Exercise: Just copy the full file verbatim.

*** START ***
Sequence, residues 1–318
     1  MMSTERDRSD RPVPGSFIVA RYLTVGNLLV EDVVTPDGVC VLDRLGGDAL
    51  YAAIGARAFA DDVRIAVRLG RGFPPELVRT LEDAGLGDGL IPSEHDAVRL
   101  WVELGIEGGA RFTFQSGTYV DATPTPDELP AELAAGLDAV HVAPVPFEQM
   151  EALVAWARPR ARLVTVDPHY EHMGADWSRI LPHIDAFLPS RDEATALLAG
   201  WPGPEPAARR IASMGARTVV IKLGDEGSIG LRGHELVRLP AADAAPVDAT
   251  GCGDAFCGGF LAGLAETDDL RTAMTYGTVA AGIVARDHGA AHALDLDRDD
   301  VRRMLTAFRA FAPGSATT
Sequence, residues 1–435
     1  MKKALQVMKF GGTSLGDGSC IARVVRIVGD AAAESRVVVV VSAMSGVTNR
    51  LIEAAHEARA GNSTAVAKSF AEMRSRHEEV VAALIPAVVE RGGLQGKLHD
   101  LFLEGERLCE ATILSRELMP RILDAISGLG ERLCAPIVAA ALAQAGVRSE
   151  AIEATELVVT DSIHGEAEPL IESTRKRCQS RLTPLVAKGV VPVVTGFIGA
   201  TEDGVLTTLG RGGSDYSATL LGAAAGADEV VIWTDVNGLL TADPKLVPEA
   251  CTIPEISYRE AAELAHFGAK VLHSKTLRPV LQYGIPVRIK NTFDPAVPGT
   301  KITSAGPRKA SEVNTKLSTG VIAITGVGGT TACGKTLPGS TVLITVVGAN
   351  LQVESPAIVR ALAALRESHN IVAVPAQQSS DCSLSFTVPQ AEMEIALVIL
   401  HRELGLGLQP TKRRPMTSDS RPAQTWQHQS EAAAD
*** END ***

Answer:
Sequence, residues 1–318
     1  MMSTERDRSD RPVPGSFIVA RYLTVGNLLV EDVVTPDGVC VLDRLGGDAL
    51  YAAIGARAFA DDVRIAVRLG RGFPPELVRT LEDAGLGDGL IPSEHDAVRL
   101  WVELGIEGGA RFTFQSGTYV DATPTPDELP AELAAGLDAV HVAPVPFEQM
   151  EALVAWARPR ARLVTVDPHY EHMGADWSRI LPHIDAFLPS RDEATALLAG
   201  WPGPEPAARR IASMGARTVV IKLGDEGSIG LRGHELVRLP AADAAPVDAT
   251  GCGDAFCGGF LAGLAETDDL RTAMTYGTVA AGIVARDHGA AHALDLDRDD
   301  VRRMLTAFRA FAPGSATT
Sequence, residues 1–435
     1  MKKALQVMKF GGTSLGDGSC IARVVRIVGD AAAESRVVVV VSAMSGVTNR
    51  LIEAAHEARA GNSTAVAKSF AEMRSRHEEV VAALIPAVVE RGGLQGKLHD
   101  LFLEGERLCE ATILSRELMP RILDAISGLG ERLCAPIVAA ALAQAGVRSE
   151  AIEATELVVT DSIHGEAEPL IESTRKRCQS RLTPLVAKGV VPVVTGFIGA
   201  TEDGVLTTLG RGGSDYSATL LGAAAGADEV VIWTDVNGLL TADPKLVPEA
   251  CTIPEISYRE AAELAHFGAK VLHSKTLRPV LQYGIPVRIK NTFDPAVPGT
   301  KITSAGPRKA SEVNTKLSTG VIAITGVGGT TACGKTLPGS TVLITVVGAN
   351  LQVESPAIVR ALAALRESHN IVAVPAQQSS DCSLSFTVPQ AEMEIALVIL
   401  HRELGLGLQP TKRRPMTSDS RPAQTWQHQS EAAAD